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Shea's shines during 'Finding Neverland' launch

Shea's Performing Arts Center is getting rave reviews for its role in launching the national tour of "Finding Neverland," which swept through town earlier this month and left an estimated $1.2 million of local spending in its wake.

"We had a really great time there, from the presenter to the local crew, all very good and talented people," said "Finding Neverland" executive producer Trinity Wheeler. "It’s a great space. The venue has plenty of backstage space and all the support system you need to mount a major national tour."

The tour held technical rehearsals here because of a New York State tax credit designed to draw Broadway productions to upstate theaters. In addition to the launch of "Finding Neverland" in Buffalo, historic theaters in Rochester, Syracuse, Utica and Schenectady also held tech rehearsals for new tours that might otherwise have launched in Rhode Island or Louisiana.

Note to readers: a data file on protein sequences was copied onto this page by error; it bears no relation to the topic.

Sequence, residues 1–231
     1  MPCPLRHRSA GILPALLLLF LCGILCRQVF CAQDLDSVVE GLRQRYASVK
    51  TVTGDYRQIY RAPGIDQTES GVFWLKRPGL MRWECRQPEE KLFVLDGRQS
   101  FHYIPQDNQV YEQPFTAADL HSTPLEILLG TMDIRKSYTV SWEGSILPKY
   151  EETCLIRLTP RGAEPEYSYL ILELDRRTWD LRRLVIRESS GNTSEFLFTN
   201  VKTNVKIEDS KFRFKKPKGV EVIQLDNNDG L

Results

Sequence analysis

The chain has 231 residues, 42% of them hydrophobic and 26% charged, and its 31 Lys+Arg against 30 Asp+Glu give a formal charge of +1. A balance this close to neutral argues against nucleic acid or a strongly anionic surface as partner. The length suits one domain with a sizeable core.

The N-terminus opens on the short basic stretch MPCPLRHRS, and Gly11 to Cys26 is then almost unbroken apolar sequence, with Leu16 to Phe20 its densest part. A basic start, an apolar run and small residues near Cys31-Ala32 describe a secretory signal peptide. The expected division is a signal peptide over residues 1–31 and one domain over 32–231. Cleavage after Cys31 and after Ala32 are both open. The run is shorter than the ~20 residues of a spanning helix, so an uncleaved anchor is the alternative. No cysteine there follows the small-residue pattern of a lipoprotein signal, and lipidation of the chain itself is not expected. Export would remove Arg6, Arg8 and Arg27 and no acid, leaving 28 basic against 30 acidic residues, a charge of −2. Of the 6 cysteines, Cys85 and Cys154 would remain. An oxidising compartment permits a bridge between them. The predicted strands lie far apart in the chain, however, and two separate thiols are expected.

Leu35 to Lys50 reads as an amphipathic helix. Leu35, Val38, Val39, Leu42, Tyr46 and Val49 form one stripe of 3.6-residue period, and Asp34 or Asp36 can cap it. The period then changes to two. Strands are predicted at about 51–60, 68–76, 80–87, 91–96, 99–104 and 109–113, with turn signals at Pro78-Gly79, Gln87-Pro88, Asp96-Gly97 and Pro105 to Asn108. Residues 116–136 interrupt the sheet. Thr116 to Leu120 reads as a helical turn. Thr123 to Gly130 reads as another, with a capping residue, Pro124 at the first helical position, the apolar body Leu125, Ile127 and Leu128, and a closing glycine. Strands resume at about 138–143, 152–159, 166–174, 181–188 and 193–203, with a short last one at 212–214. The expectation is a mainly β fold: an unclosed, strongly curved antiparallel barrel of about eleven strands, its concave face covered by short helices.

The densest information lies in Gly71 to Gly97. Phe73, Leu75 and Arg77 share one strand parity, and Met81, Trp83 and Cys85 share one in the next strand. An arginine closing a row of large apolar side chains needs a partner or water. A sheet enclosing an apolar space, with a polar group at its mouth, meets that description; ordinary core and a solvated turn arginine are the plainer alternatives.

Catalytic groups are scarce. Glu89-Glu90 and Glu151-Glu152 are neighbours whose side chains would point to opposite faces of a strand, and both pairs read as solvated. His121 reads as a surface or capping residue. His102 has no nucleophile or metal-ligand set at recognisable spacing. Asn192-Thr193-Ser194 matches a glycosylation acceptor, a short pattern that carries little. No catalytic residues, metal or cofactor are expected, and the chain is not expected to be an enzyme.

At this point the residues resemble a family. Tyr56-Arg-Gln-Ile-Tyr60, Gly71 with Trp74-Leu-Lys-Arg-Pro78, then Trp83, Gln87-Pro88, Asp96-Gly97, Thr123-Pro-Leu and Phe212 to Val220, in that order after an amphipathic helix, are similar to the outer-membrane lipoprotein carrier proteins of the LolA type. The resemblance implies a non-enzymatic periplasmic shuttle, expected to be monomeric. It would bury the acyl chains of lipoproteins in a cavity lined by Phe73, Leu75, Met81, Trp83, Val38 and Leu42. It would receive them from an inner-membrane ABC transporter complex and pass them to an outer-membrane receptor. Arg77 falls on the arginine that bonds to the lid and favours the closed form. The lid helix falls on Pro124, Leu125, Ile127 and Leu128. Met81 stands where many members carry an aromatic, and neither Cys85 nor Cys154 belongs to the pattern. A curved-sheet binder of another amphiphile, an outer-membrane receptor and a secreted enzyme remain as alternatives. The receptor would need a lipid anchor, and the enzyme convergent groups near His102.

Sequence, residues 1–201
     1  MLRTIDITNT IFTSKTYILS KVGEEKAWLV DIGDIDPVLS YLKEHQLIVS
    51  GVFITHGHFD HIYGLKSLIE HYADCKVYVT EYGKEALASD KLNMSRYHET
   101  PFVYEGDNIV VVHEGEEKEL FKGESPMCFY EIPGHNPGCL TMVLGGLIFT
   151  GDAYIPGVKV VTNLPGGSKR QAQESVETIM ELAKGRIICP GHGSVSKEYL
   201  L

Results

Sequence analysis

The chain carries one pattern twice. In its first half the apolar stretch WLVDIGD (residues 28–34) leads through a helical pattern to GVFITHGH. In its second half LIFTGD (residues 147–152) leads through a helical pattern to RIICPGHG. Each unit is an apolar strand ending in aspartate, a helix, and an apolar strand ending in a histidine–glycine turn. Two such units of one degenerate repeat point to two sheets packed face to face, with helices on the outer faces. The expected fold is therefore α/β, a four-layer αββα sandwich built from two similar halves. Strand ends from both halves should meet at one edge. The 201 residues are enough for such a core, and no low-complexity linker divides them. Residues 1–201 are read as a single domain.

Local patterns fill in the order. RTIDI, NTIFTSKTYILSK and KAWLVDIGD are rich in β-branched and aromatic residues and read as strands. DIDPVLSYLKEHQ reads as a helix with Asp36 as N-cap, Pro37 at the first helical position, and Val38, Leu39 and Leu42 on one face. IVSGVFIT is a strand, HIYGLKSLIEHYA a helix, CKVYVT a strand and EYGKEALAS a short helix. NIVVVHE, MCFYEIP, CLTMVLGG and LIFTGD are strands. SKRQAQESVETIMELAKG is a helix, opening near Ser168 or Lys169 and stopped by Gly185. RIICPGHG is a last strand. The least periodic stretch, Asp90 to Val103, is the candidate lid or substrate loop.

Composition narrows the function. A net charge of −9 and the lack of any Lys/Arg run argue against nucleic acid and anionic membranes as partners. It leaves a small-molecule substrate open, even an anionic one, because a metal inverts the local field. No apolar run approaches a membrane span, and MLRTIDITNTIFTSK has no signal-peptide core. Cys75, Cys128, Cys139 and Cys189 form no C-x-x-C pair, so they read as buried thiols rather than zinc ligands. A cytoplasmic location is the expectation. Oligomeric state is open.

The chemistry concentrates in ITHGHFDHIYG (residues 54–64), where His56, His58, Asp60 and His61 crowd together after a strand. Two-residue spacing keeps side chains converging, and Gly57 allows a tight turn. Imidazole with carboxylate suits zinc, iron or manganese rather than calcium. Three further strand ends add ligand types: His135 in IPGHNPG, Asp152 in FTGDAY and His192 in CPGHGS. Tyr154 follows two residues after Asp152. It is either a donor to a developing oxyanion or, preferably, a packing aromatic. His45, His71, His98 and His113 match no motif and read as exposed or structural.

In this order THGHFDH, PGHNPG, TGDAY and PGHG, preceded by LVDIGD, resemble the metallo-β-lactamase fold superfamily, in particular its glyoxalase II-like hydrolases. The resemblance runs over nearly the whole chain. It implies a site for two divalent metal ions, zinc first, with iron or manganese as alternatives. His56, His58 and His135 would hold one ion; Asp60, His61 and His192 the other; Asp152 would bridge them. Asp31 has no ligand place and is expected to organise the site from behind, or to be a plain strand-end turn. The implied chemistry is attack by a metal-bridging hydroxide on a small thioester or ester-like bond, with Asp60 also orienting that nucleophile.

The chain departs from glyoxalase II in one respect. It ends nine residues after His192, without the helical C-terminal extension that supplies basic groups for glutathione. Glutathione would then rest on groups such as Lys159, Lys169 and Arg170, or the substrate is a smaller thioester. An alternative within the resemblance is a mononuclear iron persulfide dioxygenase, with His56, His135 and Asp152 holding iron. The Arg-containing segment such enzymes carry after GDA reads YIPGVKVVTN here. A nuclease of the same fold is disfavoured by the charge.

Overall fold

Those productions also got great reviews from producers, Shea's Broadway series producer Albert Nocciolino said.

"It was nothing less than spectacular. The producers can’t wait to come back," said Nocciolino, who already has booked another tour launch into the theater for next fall that he would not name. "They loved being in downtown Buffalo with all the various restaurants and hotels. Everything was in walking distance. They were thrilled with everything."

Former Shea's President and CEO Anthony Conte pegged the show's economic impact at about $1.2 million, including more than 1,700 hotel room nights, 141 tour staff and cast staying in Buffalo and dozens of local crew hired to work on the production.

And the show's effect on the local economy ranged from money spent in Theater District restaurants and bars to a more direct infusion of cash into the pockets of locally hired stagehands.

Kevin J. Faulhaber, president of the local stagehands union, IATSE Local 10, said the tour provided 22 stagehands with work during about four weeks of rehearsal and production.

"As long as New York is an attractive place to tech shows then we will continue doing them for long as it lasts," Faulhaber said. Because of Shea's proximity to New York City, he added, "Buffalo should be a prime spot, which is great for our guys."


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